Even tho in 2012 I did turn fairly bullish on RE expecting a bear market rally, my outlook for RE and all industries that rely entirely on debt creation is bearish long term. Before the widespread push for 30 year mortgages, renting was commonplace in the US. The huge rise in the percentage of all cash RE purchases is no fluke. I expect that to continue growing. So all industries that expanded via credit are now set to see the exact reverse. If I were bullish on RE prices, I would want a good chunk of my capital in RE, but I’m not. My focus for long term investments (not necessarily trades) is to accumulate PMs, agriculture and eventually stocks — but ONLY, repeat ONLY into extreme price weakness.
      Does that help Dave?

      Reply

      • June 19, 2016 @ 3:02 pm Dave

        Scott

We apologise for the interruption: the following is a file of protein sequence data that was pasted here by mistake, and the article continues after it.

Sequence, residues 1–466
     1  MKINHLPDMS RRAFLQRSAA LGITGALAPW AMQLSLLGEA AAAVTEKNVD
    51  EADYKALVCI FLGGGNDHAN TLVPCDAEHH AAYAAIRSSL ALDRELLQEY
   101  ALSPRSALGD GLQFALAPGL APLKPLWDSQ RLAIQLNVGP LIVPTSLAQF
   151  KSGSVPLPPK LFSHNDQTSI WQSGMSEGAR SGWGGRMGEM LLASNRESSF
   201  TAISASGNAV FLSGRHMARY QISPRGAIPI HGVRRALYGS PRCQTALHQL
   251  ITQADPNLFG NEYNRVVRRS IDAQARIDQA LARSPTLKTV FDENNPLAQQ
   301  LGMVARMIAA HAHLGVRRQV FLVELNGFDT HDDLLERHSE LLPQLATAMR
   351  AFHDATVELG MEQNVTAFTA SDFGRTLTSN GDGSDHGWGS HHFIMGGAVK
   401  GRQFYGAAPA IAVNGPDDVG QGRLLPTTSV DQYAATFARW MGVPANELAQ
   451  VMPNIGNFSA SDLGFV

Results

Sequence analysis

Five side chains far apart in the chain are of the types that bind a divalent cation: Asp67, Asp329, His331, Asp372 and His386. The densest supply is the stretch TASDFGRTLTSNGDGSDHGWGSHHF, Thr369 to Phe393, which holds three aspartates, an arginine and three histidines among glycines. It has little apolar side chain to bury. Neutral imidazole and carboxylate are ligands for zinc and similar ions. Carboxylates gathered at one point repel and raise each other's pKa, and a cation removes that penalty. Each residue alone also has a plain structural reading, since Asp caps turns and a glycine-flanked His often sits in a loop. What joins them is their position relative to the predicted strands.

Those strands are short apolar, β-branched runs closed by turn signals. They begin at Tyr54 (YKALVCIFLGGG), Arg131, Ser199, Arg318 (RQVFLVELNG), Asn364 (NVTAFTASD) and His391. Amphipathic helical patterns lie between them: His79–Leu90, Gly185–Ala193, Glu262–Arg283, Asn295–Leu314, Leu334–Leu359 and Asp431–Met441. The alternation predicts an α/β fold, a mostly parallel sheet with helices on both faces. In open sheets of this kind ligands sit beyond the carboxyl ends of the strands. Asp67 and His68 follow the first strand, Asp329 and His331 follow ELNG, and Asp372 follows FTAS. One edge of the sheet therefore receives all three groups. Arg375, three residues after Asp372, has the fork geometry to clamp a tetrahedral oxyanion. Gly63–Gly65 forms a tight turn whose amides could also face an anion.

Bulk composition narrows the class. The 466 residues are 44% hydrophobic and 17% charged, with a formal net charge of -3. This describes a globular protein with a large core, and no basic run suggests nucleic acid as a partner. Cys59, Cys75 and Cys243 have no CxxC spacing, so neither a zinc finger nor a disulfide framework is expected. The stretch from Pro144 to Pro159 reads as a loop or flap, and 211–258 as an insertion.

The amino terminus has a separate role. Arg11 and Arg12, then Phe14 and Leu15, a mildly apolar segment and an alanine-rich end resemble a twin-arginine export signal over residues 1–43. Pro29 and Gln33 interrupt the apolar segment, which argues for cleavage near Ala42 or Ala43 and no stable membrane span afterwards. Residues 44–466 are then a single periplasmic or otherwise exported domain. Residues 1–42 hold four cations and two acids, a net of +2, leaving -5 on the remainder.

Thanks for the reply.Yes it did help confirm some things. Inflation will increase prices and decrease buyers. In the inflation of the seventies a single family house increased nicely in price but was actually much more a store of value than a profit machine once purchasing power was factored. Maybe we should talk about that subject.I would like to hear your approach.
        Dave

        Reply

        • June 20, 2016 @ 10:32 pm Scott

          I’m doing a lousy job of explaining myself Dave. i apologize. We are in an age of deleveraging which has much much further to go. My belief is that the leverage everywhere that catapulted prices (costs) higher is set to work in reverse. You can see the deleveraging taking place in real time via the proliferation of all cash transactions We’re not going to have 1970’s style inflation, possibly a sort of-ish combination of 1970’s/1930’s.